Photograph: Tatiana & Alex Nadkrynechny with daughters Anne and Eva, ca. 1932. Source: Where the Red Willow Grew, p. 558
Soldier Spotlight highlights veterans from the Archives’ online Soldiers’ Memorial. Each week, our volunteers select a remarkable individual to showcase in this new blog series. The Soldiers’ Memorial commemorates more than 1,100 WWI veterans and 2,300 WWII veterans from our region. Three dedicated volunteers have contributed over 1,200 hours to this project by researching and writing biographies. Our goal is to have all South Peace soldiers acknowledged for their service. If you know of someone who lived in the South Peace and should be listed on the Memorial, or would like to get involved by researching a local veteran, please contact the Archives.
Eva Nadkrynechny was born on January 26, 1926 in Reshnivka, Ukraine which was occupied by Poland at the time. Eva immigrated to Canada with her parents and sister in 1929, landing in Halifax on April 1. After travelling to Edmonton, they went to Glendon where her father had put a down payment on a farm. After three years, they couldn’t make the payments on the land and they left. Her father then filed for homestead in Sunset House, southwest of High Prairie. The family came to High Prairie in the spring of 1932 and traveled to the homestead along the “winter trail.”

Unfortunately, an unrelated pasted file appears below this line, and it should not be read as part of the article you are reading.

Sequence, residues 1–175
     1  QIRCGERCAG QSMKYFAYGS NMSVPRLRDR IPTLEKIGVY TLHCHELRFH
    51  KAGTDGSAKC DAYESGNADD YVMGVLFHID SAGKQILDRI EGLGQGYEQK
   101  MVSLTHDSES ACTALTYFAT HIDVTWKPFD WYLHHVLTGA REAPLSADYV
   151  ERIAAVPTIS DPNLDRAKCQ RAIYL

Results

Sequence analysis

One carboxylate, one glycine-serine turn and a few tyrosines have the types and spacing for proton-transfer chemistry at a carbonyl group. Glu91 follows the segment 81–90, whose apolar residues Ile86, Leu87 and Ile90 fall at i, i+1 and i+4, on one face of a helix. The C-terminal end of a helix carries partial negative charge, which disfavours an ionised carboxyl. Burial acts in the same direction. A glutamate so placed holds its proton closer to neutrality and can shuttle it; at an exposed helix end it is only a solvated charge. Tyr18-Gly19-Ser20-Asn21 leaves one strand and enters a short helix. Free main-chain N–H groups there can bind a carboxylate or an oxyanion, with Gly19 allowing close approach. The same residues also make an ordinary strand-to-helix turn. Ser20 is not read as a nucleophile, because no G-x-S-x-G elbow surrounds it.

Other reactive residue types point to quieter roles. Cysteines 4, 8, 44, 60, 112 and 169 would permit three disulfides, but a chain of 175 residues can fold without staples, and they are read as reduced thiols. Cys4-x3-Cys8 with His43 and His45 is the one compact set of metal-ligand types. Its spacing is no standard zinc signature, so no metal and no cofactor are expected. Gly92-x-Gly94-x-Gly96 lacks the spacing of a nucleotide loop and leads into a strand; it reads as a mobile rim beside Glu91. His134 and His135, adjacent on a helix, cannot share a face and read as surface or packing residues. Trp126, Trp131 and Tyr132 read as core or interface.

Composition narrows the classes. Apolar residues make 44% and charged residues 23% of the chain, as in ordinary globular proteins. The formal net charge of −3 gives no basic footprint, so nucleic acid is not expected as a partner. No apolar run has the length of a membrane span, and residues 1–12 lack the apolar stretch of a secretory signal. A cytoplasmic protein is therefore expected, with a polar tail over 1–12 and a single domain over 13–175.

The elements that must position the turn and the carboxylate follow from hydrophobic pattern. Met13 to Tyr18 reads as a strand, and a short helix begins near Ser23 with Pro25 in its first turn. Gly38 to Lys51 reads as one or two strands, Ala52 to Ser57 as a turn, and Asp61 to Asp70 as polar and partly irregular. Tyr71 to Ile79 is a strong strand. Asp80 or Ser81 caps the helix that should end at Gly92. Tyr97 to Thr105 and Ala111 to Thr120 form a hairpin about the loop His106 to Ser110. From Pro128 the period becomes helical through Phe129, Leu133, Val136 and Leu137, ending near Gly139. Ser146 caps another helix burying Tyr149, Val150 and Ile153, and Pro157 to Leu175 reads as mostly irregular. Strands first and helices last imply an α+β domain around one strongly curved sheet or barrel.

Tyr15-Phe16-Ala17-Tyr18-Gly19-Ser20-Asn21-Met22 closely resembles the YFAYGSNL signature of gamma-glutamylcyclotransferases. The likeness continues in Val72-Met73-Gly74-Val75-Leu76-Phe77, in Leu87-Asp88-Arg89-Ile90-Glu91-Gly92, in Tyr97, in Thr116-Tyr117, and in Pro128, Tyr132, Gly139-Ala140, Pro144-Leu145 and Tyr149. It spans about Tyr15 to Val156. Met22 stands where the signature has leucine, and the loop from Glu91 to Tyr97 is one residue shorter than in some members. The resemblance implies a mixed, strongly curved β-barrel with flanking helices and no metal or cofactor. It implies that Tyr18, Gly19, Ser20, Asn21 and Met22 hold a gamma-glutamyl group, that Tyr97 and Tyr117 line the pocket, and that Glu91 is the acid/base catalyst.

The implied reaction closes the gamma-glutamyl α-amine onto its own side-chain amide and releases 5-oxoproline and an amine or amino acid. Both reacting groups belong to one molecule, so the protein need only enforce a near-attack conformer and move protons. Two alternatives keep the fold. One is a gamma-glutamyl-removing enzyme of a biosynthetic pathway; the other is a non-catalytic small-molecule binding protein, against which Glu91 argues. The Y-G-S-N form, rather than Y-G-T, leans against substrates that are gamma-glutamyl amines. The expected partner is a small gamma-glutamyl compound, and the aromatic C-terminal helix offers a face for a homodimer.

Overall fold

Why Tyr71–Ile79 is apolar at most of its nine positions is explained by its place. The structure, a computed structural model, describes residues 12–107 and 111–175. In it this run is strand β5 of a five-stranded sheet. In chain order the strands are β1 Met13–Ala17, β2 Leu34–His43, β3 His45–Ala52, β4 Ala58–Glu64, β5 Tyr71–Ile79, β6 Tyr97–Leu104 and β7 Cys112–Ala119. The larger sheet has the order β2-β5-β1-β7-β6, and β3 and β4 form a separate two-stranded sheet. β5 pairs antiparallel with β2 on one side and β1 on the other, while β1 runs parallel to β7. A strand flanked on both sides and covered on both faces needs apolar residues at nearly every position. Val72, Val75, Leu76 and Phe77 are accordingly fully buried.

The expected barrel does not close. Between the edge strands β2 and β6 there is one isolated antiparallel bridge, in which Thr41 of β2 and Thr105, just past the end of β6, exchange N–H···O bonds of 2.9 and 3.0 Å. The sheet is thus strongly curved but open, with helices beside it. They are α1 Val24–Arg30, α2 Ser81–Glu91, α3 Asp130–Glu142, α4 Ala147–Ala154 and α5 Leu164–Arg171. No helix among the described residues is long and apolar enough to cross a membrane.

In 1936, the family moved to Edmonton and Eva and her sister went to a regular school. Eva was an excellent student. In the spring of 1938 the family returned to Sunset House. After walking to High Prairie for her mother to receive her Canadian Citizenship certificate, Eva’s brother. Ken, was born. In June, Eva wrote the grade eight departmental exam and completed her education. That fall, Eva moved to High Prairie to work. She sent money and clothes back to her family.
Eva enlisted in the RCAF (WD) and graduated at the head of her photography class. She also completed high school. Eva spent the war in Rockcliffe, Ontario, working in air mapping. After being honourably discharged, Eva worked as a pattern and style designer in the textile industry and at the time of her death in 1977, she was teaching at Sheridan College in Oakville, Ontario.
Eva passed away on January 20, 1977 at MacMaster Hospital. She was predeceased by her husband, Ted Murray.
The Military Service Recognition Book, Vol. VI (p.245)
Where The Red Willow Grew (p.557)